The demonstration took place on Wednesday, two days after the visiting US Secretary of State Condoleezza Rice called for free expression for the opposition.
In previous protests, security forces have outnumbered protesters, surrounding them to prevent them from moving and sometimes scaring passers-by and stopping people from joining.
But police remained in their trucks on Wednesday, out of sight, while more than 300 protesters walked for two hours down a main street of the crowded working-class district of Shoubra, chanting "Kifaya" - Arabic for
"Enough!" - to President Hosni Mubarak.
"Down with Mubarak," they shouted, and "Gamal tell your father, all Egyptian people hate you," referring to the president's son.
A group of fewer than 100 Mubarak supporters nearby shouted back: "Gamal tell your father 70 million Egyptians love you."
"Down with Mubarak. Gamal tell your father, all Egyptian people hate you"
Cairo protest chants
Some took their shoes off, a sign of contempt, and made obscene gestures, but there was no violence.
The reform protest organisers chose Shoubra in an attempt to draw into their cause people normally not involved in politics.
The district - far from official buildings where such rallies usually take place - is one of Cairo's most populated areas, with seven million residents, a mix of Muslims and Christians.
Thousands of people lined the streets and hung out of windows and balconies to watch the march, some smiling, clapping and chanting along with the protesters. Some passers-by joined the protest.
Others looked shocked - or afraid - at seeing a protest. Some shopowners quickly shut their doors, fearing violence with police.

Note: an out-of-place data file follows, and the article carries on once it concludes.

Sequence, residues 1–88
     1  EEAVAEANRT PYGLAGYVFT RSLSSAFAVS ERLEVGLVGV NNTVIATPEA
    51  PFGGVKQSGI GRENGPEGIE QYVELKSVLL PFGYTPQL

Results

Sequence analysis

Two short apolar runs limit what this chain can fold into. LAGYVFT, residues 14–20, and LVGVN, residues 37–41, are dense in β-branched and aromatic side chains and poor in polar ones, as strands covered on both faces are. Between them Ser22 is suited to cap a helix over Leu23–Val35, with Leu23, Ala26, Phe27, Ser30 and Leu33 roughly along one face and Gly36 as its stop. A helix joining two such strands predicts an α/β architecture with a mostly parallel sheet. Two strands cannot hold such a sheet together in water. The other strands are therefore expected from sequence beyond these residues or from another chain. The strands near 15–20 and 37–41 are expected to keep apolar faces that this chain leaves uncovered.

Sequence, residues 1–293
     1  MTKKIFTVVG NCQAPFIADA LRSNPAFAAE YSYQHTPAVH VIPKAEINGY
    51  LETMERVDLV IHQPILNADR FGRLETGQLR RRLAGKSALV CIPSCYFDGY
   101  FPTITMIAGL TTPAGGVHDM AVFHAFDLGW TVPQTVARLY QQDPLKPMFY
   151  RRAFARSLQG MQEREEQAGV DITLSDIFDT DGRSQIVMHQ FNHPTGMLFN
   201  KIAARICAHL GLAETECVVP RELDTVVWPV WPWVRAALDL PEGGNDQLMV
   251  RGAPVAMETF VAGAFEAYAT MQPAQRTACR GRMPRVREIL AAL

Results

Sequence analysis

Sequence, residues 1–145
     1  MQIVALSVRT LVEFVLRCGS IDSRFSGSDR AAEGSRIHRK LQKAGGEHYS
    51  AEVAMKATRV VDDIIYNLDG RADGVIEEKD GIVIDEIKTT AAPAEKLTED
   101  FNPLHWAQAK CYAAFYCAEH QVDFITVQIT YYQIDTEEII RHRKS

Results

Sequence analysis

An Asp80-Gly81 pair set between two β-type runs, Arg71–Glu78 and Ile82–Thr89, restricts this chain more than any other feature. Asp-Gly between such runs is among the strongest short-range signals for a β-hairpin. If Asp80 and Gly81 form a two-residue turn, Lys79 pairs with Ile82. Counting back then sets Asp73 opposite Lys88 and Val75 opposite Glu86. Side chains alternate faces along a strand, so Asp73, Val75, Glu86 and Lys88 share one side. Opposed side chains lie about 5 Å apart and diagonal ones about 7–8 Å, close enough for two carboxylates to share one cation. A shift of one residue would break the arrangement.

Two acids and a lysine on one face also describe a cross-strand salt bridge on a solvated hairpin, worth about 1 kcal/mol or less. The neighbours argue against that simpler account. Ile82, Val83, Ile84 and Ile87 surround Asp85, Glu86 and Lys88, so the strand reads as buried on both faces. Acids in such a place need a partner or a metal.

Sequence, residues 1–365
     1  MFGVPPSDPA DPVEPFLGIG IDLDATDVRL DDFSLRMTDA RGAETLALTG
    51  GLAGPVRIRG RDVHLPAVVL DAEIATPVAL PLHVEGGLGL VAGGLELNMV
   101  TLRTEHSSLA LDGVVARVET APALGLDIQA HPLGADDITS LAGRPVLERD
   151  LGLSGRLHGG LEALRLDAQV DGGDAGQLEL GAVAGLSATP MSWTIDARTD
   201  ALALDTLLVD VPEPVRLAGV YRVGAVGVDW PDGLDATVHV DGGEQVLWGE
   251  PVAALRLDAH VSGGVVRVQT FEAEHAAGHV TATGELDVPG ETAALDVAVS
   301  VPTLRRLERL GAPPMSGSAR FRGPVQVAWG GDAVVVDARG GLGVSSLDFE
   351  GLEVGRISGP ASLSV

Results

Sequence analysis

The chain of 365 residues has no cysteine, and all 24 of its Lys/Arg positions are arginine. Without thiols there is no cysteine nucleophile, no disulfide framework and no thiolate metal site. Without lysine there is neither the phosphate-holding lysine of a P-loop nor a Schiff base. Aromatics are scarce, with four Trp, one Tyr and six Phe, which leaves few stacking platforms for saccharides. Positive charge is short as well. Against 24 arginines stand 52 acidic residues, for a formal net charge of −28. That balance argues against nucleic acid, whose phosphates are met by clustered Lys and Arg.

"Yes! Enough! We've had it, we're dying," Yasser Mohammed, the driver of a minibus, shouted from his window in support of the protesters as he drove past.
Hosni Mubarak has ruled Egypt
unchallenged for 24 years
Mahmoud Allam, a 75-year-old Shoubra resident, marched with his two grandchildren, Shimaa, 9, and Mahmoud, 6.
"I'm training them to learn about freedom and democracy, to know their rights and never give them up," he said.
Protest organisers were surprised by the security forces' absence. "Condoleezza gave them (the government) a hard time," one protester, Osama el-Goharay, said by way of explanation.
"Mubarak is still in power because of the Americans, not because the people want him."
Rice visited Egypt on Monday, meeting Mubarak and opposition figures.
She gave an address at the American University in Cairo urging Middle East governments to allow reform. "The Egyptian government must fulfill the promise it has made to its people and to the entire world by giving its citizens the freedom to choose," she said.
Rice visited Egypt on Monday
She also said demonstrators should be able to protest without fear of violence - a reference to a 25 May pro-reform demonstration in which government supporters beat participants and molested women while police stood by.
In the line of pro-government demonstrators on Wednesday, Hani Mohammed, a 28-year-old unemployed Shoubra resident, said Mubarak is being "humiliated" by the criticisms at home and abroad.
"I felt I have to say something, even though I'm suffering economically. Mubarak is under a lot of pressure, we're trying to help him," he said.
Wednesday's anti-Mubarak protest was organised by the Popular Campaign for Change, a group of mainly leftist activists.
With presidential and parliament elections approaching this year, Egypt has seen an unusual series of protests calling for an end to the 77-year-old Mubarak's 24-year rule.
They have been led by the Kifaya movement - a group formed from secularists, communists and Islamists - and by the outlawed Muslim Brotherhood.